Anatomy, X-rays, sex and morals: recent donations to the heritage library
The RCP heritage library has been grateful to receive several donations of twentieth-century medical books in recent months, all of which complement and expand our existing collection of the history of medicine and physicianly work.
Anatomy: internal and external
The Text-book of anatomy edited by Daniel John Cunningham (1850–1909) is a classic of medical publishing. Surprisingly, the heritage library didn’t have a copy of any of its numerous editions, a fact that became apparent when I was researching the 2019 exhibition Under the skin. So I was delighted to be offered a copy of the third edition, published in 1909, from the collection of a retired GP.
Cunningham was a Scottish anatomist, who taught at Trinity College Dublin and the University of Edinburgh. In his preface to the book he notes that formalin, a hardening and preserving agent, had recently been introduced into anatomical practice. This enabled a much more accurate study and depiction of the least stable parts of the body – the internal organs and viscera – but had meant that the authors working on those sections of the book faced ‘an especially arduous duty’ in presenting the state of knowledge in this field.
Almost all of the 824 wood-engraved illustrations in the book were prepared specifically for the work, many of them by J. T. Murray, a ‘talented artist’ thanked by Cunningham for his ‘great technical skill and patience’. The illustrations were printed in up to 4 colours – black, red, blue and yellow – where necessary, the colours used to distinguish different systems and tissues from each other.
Landmarks and surface markings of the human body is a different style of anatomy textbook. It uses edited photographs to show the relationship between external features of the body and the anatomical structures within. It is only concerned with how to tell from the outside of a body which anatomical structures lie beneath, and is not a comprehensive account of all of human anatomy. The photographic illustrations are very striking. Again, this was a popular textbook, running to nine editions published between 1904 and 1953.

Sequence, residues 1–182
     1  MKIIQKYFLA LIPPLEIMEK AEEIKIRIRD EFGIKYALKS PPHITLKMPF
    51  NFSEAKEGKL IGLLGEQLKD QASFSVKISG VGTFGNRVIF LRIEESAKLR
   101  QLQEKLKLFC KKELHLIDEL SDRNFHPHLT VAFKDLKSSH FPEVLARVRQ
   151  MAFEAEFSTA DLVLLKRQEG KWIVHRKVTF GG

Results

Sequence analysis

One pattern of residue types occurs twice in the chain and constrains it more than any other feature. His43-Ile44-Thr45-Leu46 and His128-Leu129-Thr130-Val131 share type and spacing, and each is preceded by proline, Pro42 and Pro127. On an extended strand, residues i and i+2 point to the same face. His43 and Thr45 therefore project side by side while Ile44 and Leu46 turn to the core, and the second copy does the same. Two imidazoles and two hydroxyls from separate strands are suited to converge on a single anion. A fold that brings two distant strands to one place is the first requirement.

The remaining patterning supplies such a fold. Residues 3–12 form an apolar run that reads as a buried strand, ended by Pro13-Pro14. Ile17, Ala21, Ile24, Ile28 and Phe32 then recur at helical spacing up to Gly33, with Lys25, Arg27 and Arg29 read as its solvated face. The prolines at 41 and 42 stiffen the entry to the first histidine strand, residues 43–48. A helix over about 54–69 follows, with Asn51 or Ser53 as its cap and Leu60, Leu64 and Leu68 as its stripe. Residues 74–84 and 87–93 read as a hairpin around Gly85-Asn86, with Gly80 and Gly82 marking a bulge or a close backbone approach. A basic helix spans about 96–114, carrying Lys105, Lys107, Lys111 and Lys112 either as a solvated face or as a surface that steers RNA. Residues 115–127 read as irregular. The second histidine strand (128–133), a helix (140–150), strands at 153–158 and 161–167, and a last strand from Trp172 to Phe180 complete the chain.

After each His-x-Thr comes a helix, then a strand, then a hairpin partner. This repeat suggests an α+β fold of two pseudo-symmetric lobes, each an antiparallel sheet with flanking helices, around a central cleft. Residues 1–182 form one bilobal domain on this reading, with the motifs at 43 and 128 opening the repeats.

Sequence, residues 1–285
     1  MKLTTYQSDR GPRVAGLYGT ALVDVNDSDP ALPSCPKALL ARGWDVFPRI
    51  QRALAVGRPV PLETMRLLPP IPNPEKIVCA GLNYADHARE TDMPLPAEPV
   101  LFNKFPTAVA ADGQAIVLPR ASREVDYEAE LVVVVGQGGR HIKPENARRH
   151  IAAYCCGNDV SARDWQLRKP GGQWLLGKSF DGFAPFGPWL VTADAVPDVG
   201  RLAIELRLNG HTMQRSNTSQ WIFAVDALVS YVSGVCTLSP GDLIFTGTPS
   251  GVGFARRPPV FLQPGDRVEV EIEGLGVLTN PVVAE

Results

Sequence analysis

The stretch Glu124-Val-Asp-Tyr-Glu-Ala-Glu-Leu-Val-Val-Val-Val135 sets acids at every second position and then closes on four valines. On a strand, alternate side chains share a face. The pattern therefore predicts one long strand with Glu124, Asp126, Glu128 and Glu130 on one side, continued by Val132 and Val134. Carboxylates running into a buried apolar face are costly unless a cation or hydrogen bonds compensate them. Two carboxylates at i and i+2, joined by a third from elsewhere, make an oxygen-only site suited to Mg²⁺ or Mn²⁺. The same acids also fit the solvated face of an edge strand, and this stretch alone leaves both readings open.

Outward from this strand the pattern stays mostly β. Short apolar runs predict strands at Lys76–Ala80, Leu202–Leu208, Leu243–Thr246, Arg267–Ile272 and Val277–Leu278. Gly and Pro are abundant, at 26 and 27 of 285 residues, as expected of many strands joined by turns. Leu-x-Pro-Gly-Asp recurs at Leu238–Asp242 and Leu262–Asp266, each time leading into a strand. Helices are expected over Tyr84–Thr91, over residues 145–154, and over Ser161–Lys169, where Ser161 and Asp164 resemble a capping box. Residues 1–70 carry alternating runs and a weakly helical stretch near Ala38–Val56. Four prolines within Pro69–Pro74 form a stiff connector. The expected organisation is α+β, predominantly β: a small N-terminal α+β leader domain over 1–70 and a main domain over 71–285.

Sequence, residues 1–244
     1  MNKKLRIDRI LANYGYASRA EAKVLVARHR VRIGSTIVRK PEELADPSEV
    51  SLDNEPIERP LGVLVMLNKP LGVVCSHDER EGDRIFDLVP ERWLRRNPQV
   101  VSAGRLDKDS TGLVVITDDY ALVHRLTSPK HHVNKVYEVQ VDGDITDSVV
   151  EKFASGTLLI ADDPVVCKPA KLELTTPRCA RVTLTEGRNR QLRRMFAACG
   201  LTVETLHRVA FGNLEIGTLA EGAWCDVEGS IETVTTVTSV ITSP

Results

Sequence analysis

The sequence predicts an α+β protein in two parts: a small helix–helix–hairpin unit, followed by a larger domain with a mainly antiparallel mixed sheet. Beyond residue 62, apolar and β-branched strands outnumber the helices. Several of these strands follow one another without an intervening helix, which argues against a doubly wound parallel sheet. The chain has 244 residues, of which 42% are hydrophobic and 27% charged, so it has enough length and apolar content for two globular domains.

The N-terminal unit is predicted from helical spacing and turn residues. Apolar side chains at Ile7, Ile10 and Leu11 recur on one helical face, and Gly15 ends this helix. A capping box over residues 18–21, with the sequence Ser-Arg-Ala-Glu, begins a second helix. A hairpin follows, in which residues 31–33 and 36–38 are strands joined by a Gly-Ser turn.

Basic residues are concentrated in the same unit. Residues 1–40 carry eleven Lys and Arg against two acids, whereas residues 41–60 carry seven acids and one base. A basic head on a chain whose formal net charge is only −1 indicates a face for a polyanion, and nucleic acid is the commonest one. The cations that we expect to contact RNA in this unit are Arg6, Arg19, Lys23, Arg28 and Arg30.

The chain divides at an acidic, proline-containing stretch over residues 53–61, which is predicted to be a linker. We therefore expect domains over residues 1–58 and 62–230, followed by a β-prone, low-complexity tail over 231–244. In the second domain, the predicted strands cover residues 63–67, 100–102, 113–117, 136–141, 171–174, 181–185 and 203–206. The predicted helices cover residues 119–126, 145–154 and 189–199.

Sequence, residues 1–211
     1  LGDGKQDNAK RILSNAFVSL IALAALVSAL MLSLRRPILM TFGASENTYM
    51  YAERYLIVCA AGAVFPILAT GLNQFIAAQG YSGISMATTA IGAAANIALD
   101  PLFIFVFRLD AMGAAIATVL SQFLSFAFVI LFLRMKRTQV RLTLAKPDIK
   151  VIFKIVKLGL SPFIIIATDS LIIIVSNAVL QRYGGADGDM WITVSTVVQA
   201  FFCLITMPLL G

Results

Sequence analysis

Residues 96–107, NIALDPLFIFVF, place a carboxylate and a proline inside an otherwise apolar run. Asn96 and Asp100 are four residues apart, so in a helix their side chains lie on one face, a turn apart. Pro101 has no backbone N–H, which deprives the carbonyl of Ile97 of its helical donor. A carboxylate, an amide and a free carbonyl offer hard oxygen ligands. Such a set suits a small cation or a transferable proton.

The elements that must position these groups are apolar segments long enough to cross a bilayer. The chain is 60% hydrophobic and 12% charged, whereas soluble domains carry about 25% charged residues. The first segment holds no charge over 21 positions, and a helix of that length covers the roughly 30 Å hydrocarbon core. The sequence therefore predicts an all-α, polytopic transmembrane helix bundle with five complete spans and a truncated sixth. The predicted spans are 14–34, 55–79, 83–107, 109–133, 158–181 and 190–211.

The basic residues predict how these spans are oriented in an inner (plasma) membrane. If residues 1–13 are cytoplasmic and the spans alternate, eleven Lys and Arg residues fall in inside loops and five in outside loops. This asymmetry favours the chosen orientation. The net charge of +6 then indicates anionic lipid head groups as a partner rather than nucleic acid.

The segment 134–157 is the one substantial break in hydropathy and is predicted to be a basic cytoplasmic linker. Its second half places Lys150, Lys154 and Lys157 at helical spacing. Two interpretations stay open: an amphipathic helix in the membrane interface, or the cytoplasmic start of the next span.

X-rays: shadows of the body
After their discovery by Wilhelm Röntgen in 1895, X-rays quickly became a convenient way to see inside the human body. The images produced when X-rays are shone through a body are the shadows of the structures within, and are not always straightforward to interpret.
Principles of Roentgenological interpretation (1940) was written by Le Roy Santé, professor of radiology at St. Louis University School of Medicine, Missouri. This book combines reproductions of X-ray images with diagrams and drawings to help the physician interpret how the different tissues of the body appear.
Sex and a happy marriage
Three donations were works by Theodore van de Velde, a Dutch obstetrician who wrote extensively and successfully for a general audience about sex and sexual activity. Sex efficiency through exercises (1933) will be the subject of a separate blog post of its own in the weeks to come. The other two titles donated were Ideal marriage (1946) and Sex hostility in marriage (1931).
Ideal marriage was van de Velde’s magnum opus, a work that made him famous across Europe and beyond. It was first published in Dutch as Het volkomen huwelijk in 1926, and was quickly translated into several other European languages. It was still being reprinted into the 1950s. Our copy was printed in 1946.
The book has nearly 300 pages of detailed explanations of the anatomical, physiological, social and emotional aspects of sex and marriage (always between a man and a woman: same-sex relationships are not within van de Velde’s purview). 8 coloured plates illustrate the anatomical aspects, as well as providing graphs of fertility throughout the menstrual cycle.
In the preface to the book, van de Velde acknowledges that publishing a book that described sexual physiology in such detail in language accessible to non-specialists would have ‘unpleasant results’ for its author. He therefore held off from writing it until he had retired from practice, but was determined to write this book and others because ‘many men and women, even if they dare not say so, will breathe their thanks in the privacy of their nuptial chamber’.